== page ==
[00:13:20] I think I know what I’m doing it right. Keep doing it. And, or any corrections along the way, you said stuff that I don’t want to let slide, which is she doesn’t point and meddle and say, you shouldn’t and why don’t you and guilt you out? Those are not small things that a lot of people do. I’m glad she doesn’t, but Joan, that’s wisdom.

    [00:13:38] That’s seven kids and a whole lot of life. To have learned that. 

    [00:13:44] Connie Fontaine: Does that come easy to you, Joan, or are there times where you really find yourself

    [00:13:47] Joan Lunden: Oh, are you kidding? Parenting, let’s just call it what it is. It’s the hardest job in the world, period. And it comes with no instruction book. You have to just feel your way through it. And I’m a big quote person. I love quotes. I collect quotes. I have, a lot of my, in every one of my books, I just. I load them with quotes. And I, because I’m looking for quotes for my autobiography all the time, you’ll notice I, and I have sticky notes all over my desk as I get them and they’ll eventually make their way into the book. But this one I saved just to talk to my husband about: “don’t handicap your children by making their lives easy.”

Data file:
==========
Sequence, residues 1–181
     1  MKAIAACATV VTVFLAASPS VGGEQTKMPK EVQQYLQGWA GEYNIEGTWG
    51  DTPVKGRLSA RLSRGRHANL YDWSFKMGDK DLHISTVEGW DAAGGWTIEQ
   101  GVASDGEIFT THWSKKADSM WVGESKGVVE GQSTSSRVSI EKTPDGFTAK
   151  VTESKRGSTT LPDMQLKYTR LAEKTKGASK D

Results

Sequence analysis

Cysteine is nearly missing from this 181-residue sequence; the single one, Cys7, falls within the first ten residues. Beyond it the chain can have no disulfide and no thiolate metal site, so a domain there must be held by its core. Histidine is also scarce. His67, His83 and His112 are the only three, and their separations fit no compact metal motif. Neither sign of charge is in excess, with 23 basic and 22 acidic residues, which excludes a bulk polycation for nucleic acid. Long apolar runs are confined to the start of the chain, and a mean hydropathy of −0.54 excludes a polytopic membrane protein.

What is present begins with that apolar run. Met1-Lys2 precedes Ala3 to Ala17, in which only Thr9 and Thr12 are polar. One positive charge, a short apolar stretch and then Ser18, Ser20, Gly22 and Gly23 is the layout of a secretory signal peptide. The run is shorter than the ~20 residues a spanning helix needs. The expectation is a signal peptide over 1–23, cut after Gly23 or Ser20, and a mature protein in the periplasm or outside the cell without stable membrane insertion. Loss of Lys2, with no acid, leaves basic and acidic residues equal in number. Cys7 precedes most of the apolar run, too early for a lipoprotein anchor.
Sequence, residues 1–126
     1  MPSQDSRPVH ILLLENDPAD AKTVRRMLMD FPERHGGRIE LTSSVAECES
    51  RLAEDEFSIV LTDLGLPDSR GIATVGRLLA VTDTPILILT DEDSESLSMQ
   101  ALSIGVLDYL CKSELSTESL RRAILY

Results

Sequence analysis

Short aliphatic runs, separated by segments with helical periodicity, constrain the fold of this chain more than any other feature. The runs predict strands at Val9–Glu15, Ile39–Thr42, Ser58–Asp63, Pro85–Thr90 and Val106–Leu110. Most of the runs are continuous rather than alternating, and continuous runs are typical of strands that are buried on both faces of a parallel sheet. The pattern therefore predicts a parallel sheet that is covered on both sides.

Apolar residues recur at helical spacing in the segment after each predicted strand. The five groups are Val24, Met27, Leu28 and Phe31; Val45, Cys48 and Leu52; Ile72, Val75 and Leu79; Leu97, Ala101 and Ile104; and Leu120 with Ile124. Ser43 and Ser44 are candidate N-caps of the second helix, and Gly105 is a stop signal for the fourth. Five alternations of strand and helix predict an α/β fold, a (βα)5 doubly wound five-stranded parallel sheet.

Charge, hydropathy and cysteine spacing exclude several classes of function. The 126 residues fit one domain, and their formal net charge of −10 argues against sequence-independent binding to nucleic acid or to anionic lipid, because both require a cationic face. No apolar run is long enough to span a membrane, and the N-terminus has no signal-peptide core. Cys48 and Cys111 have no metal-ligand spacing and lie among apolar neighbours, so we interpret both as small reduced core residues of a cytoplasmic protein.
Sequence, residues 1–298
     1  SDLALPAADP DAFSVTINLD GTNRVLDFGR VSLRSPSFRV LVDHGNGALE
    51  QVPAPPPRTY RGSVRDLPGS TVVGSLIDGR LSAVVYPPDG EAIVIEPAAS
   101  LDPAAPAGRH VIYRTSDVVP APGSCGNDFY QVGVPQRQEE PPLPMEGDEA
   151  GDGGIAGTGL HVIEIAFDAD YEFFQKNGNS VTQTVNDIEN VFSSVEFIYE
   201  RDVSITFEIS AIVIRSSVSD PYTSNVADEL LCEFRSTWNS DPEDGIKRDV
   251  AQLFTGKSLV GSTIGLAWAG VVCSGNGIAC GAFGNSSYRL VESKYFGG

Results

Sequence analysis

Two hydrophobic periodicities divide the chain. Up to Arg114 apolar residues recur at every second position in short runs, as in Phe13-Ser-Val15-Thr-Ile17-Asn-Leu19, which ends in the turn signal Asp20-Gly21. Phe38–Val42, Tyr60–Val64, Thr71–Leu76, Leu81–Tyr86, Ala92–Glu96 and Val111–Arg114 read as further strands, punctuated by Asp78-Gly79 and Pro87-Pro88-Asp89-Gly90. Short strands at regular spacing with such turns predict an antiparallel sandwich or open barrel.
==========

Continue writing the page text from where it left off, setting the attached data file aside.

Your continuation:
[00:14:33] Jamie Hess: Mm. 

    [00:14:34] Joan Lunden: hello. 

    [00:14:35] And I think that’s one of the hardest things to do as a parent, because we all want to make our lives easy and as devoid as problem or heartache as we possibly can. But I think that in recent times it’s, it’s become the norm for parenting 

    [00:14:53]  I was a, professor at Lehigh for a couple of years, and I remember when we went into our kind of like training session at the beginning of the year and one of the pet peeves of all the professors was when a student got a bad grade and the parent called to complain. It’s like, Wait a minute. You send them away to college to learn to be on their own. And parents just are so defensive. They never want to own any bad thing that their kids do. We do them a disservice by doing that. And it’s very easy to talk about this in retrospect, at my age, but for anyone who’s listening, our kids need to start learning how to resolve conflict. You know my husband owns summer camps for kids up in the state of Maine. And the kids come for seven weeks. And I’ve had other people say, really? People send their kids away for seven weeks? I said, yeah, seven weeks of no phone, no social media, no technology. And they have to do what we used to do when we grew up.